Montour Iowa has several trade schools that offer training to become a welder. Becoming a welder is a popular choice for many people looking to begin earning money soon because the basic training to start can be completed in just a few weeks. If you enjoy physical work, have steady hands, and are very detail-oriented, you are well-suited to a career as a welder. Highly skilled welders working in isolated locations can earn a great salary. It is one of the few trades that you can enter after high school that allow you to make a very respectable compensation. Employment opportunities and pay depend on the welding skills you have mastered and whether you are willing to travel. Experienced welders can find work all over the world. Welding opportunities can be found on construction projects, oil pipelines, railway projects, and building ships. It is a physically demanding profession that often requires lifting heavy tools and working in cramped conditions. Careful attention to safety is a critical component of the trade. To enroll in an industrial welding program, you will need to have completed high school and earned your high school diploma or have a GED or equivalent education. High school welding and metal-working courses are helpful for preparing you to enter a welder certification or degree program.
There are several different welding school programs to choose from. Basic industrial welding techniques can be learned in as little as a few weeks, while comprehensive welding diploma courses can take from 4-9 months. The Associate of Applied Science(A.A.S.) degree in welding requires two years of classroom work and practical training in all welding processes. The associate degree includes general education classes in applied math, social sciences, and writing. Associate degree holders have a strong understanding of welding science and theory, as well as skills to pursue industry jobs in management, sales, and skills training. People interested in learning to be a welder can also start as an apprentice and learn while working. Apprentice welders earn less than journeyman welders, and require more years of working as an apprentice than those with a welding diploma or associates degree before being certified as a journeyman. Experienced welders who have already received their basic training often return to school for short periods to gain additional skills and become certified for higher paying jobs. Becoming a journeyman can take from 4-15 years.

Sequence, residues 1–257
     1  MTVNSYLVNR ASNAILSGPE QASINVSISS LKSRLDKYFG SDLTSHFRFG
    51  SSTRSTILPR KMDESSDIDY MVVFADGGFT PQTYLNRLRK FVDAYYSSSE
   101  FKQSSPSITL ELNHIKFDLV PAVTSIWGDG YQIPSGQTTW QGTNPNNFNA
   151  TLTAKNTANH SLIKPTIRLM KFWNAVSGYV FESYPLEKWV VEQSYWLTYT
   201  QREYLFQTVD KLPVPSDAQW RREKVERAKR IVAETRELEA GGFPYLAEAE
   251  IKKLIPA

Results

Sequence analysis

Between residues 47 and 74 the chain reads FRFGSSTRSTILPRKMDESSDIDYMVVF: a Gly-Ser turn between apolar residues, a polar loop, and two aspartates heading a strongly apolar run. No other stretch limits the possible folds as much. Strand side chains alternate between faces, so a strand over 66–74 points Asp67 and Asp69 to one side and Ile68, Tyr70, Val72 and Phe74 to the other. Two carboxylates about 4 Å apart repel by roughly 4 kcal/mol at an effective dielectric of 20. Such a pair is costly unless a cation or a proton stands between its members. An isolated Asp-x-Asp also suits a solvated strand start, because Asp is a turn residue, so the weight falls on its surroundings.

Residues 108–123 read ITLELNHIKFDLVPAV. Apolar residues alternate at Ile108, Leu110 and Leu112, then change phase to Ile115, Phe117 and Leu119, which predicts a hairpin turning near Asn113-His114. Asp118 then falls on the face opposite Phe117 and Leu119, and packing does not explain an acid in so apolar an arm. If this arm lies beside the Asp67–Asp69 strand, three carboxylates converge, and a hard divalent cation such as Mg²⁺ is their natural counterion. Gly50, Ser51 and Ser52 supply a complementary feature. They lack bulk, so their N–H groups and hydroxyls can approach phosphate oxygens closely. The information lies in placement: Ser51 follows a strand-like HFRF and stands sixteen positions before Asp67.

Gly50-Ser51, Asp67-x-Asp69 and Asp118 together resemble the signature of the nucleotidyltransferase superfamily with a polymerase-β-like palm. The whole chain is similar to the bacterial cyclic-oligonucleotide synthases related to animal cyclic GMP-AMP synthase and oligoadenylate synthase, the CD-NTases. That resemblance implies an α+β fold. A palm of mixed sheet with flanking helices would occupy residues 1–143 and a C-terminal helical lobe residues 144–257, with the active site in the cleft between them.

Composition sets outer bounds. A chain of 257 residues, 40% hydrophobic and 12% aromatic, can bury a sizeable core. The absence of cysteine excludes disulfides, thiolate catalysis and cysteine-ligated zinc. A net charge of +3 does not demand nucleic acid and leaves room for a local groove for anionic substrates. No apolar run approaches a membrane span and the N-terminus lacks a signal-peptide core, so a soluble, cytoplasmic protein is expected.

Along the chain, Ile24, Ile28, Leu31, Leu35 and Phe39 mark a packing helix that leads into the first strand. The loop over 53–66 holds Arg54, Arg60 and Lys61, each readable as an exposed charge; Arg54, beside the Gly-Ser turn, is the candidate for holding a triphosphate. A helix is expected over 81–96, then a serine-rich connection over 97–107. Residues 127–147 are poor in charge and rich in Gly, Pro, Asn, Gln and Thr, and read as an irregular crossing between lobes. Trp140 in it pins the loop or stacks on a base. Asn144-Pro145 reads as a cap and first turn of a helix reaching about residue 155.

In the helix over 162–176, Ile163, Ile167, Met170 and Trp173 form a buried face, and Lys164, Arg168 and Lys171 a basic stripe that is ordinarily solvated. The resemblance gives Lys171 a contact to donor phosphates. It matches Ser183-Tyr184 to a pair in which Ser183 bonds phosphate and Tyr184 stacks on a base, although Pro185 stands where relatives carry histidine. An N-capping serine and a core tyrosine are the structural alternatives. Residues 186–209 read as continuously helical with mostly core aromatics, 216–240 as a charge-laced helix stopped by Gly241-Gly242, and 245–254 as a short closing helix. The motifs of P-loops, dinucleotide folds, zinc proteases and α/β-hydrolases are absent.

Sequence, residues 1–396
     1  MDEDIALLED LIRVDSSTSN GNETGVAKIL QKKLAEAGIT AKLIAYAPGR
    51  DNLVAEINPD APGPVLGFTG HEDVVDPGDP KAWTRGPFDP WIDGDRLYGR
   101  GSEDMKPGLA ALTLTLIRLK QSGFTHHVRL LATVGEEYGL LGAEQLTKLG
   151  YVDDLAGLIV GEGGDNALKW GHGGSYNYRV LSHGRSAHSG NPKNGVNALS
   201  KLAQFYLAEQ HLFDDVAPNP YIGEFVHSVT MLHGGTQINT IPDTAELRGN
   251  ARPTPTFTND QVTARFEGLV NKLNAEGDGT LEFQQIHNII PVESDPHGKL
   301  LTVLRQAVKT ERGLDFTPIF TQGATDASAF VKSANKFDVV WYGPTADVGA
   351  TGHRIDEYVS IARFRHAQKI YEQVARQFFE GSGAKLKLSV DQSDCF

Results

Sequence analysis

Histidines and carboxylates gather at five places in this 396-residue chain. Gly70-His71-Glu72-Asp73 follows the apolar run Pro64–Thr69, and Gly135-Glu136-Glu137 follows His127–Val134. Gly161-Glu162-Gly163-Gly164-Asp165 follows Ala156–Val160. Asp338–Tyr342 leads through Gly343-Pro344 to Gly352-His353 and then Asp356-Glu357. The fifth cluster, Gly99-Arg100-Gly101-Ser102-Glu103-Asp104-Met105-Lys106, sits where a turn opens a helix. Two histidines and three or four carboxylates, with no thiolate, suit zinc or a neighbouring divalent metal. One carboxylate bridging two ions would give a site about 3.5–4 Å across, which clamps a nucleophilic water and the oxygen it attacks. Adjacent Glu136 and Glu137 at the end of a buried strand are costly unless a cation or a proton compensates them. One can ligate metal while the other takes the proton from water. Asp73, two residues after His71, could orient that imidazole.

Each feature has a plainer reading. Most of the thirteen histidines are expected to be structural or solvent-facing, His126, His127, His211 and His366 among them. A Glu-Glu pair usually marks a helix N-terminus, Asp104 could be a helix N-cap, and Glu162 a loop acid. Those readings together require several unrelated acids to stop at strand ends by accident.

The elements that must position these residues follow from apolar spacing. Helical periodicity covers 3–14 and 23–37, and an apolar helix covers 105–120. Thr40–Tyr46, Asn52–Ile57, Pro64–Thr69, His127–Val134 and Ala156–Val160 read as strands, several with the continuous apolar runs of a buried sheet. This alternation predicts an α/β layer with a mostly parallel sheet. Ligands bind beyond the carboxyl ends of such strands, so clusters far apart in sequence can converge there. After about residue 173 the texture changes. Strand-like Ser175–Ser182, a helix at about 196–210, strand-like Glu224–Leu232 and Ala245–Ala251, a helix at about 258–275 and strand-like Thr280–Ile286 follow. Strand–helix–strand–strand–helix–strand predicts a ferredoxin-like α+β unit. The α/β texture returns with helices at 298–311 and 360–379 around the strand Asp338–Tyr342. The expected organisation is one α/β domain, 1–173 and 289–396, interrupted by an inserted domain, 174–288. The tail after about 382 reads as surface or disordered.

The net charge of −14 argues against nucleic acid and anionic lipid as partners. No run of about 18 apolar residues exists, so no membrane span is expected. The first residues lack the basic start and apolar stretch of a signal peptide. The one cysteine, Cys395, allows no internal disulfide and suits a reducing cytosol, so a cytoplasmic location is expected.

Employers will look at your qualifications and experience first, but in many cases will also require you to pass a test specific to the work to be done. There are four major welding processes, including shielded metal arc welding (SMAW), also commonly known as stick welding. Each certificate is further specialized based on the type of metal, shape, type of weld, and the position of the welder relative to the work, such as overhead and obstructed view.
Within the welding industry there are also many specialized jobs. Robotic welding machine operator is a highly technical specialty that is becoming increasingly common in pipeline and structural welding. Certified welding inspectors that use x-rays, ultrasound, and magnetic sensors to inspect welds are also in high demand.
Major industries from bridge and high-rise construction to motorsports, military support, and ship-building are in constant need of qualified welders. It is one of the few jobs where a skilled tradesman can earn on par with highly respected professions. Not many jobs allow as much mobility and flexibility as professional welding, it could very well be the perfect career for you!